why not "my brother doesn't drink anymore" ? I'm brazilian, so it makes more sense speaking "meu irmão não bebe mais" instead of "meu irmão nunca bebe" on this translation!
"anymore" significa che ha già fatto qualcosa almeno una volta. "non mai" é l'opposto di "sempre", significa que non ha fatto qualcosa nessuna volta. "anymore" può essere tradotto come "più" in italiano
It feels like "my brother doesn't drink" should be correct too. When you say that in English, it means never.
I would report it. I could be wrong, but to my way of thinking, it's a translation choice...either "never", using non.....mai", or "not ever"! Hope this helps and please correct me if I'm wrong...♡ :-)
The only thing I see is that "not ever" is the exact meaning of "never" and "never drinks" sounds more natural.
Also, I could be wrong on this, but it seems your translation is creating two individual verbs: "he does" and "to drink" rather than the single verb of "he drinks".
Your translation is perfect English, and probably the most natural one to use.
I'm not an expert on Englisch grammar but to me it sounds wrong to put it this way around ("ever drink" instead of "drink ever")...
If I said, "Mio fratello beve mai," would that be grammatically wrong or would it mean something different?
Is there a rule for the position of frequency adverbs in Italian. Because I've seen spesso in middle position and just now I saw mai (never) at the end of a sentence. I'm going nuts here! Please help! Anyone!
I believe that the "non...mai" is placed around the verb that it refers to, regardless of where it is in the sentence.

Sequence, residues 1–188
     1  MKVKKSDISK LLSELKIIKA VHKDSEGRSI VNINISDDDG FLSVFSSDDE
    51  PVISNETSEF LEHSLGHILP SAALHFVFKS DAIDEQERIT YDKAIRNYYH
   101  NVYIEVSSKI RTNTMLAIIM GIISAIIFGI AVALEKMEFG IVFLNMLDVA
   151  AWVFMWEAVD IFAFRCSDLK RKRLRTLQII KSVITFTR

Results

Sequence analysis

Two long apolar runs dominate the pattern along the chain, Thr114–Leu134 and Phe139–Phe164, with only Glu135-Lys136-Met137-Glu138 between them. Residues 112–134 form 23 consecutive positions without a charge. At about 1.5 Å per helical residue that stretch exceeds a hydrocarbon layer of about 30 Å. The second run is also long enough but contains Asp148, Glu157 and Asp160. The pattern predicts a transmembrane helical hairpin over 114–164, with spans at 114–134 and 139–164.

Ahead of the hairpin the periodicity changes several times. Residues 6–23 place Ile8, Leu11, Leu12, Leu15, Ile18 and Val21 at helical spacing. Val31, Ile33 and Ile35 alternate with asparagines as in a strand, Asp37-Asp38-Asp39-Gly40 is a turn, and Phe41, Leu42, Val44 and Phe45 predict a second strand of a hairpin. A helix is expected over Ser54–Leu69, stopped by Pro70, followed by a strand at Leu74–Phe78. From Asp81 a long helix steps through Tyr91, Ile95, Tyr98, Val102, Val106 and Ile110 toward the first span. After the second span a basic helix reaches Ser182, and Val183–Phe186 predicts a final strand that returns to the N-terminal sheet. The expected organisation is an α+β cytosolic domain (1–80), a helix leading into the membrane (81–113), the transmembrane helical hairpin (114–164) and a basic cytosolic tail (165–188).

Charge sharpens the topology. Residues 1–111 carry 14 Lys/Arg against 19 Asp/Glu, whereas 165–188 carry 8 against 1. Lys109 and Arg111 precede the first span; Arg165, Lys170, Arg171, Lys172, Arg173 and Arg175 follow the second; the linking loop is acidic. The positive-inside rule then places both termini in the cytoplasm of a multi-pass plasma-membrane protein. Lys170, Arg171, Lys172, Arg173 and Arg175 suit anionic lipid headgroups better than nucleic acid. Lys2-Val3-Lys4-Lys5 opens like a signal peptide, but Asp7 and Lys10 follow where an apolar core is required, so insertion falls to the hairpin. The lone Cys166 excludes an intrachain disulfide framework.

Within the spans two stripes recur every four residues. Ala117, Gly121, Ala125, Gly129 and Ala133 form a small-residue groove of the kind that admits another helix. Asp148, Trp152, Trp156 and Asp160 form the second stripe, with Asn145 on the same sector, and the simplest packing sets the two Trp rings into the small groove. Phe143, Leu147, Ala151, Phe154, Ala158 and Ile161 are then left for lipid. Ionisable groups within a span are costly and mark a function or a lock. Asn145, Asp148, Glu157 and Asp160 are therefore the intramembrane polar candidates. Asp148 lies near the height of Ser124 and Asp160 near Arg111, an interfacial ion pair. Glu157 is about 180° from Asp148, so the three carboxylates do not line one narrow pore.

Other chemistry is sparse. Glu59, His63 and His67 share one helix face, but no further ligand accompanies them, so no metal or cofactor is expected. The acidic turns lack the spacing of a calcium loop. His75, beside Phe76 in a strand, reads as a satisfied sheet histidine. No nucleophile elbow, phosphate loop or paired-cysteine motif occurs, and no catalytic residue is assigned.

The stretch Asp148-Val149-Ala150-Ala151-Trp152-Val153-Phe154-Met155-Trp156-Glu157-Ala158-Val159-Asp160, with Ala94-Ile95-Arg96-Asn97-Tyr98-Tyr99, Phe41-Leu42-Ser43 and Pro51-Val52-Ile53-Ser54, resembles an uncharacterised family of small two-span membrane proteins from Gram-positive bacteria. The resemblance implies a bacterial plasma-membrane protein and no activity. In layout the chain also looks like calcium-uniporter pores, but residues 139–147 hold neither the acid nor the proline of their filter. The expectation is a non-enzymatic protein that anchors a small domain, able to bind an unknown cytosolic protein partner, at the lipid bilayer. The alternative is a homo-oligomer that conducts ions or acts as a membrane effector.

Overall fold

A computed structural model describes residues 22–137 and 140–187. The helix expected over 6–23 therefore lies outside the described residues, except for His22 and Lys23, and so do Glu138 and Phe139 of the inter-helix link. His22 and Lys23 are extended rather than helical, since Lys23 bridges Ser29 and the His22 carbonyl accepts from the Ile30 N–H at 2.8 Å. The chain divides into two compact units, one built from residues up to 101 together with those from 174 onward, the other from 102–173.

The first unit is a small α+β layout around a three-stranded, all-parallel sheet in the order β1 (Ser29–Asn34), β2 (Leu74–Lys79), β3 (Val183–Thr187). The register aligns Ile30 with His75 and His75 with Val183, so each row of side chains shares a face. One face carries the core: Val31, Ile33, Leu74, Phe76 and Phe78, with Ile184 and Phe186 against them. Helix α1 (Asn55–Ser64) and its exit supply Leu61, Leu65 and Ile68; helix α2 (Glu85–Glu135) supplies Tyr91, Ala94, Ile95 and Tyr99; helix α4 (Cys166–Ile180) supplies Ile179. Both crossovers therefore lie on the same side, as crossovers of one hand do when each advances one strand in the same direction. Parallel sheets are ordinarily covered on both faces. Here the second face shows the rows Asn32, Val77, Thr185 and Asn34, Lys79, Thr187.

Can this sentence mean "he never drinks alcohol" or does it only mean that he never drinks anything?
If that brother never drinks anything he will die... He should at least drink some water. ;)
is it possible to say " mio fratello beve mai" straight away? as to me if you translate this to english it's double negating.
Unlike English, double negatives in Italian generally don't cancel. They reinforce.
"My brother doesn't drink anymore" Could it be a possible answer or not?
No, there is an explanation before from an italian native staying that you use piu when someone does not do something anymore and mai when someone has never done something.
So "my brother does not drink nothing" is wrong? To me it seemed fair to use a double negative after the Italians did it.
Double negatives don't mean the same thing in English that they do in Italian. In English, "my brother does not drink nothing" means "my brother drinks something". The the two negations cancel each other. In Italian, one, two, or even three negations don't cancel one another. They reinforce the negative. So, ""mio fratello non beve mai" just means "my brother never drinks".
n.b. The above applies to negations of a single verb. If each negation is attached to a separate verb, then we get a canceling situation like in English.
"Non credo di non essere capace" has roughly the same meaning as "credo di essere capace".
Wouldn't the "Non beve mai" better translate to "no longer drinks" or "does not drink any more"?
This is not a phrase a native English speaker would use. Though it is grammatically correct, it sounds clumsy.
Does the meaning behind this challenge ASSume alcohol? If so, then expand the challenge to include it; or something like "mio fratello non beve mai al bar".
Is this idiomatic? Are we to infer that it refers to alcohol? Since people who never drink tend to die unless put on a saline drip.
What's funny is people explaining that "mai" isnt ever used at the end of the sentence and receiving a wrong answer.. Well there ya go duolingo..
"My brother drinks never" was worong.. This is 1:1 "Mio fratello non beve mai"
True, but sometimes the literal translation doesn't match up as a grammatically correct translation. "My brother drinks never" just doesn't work in English.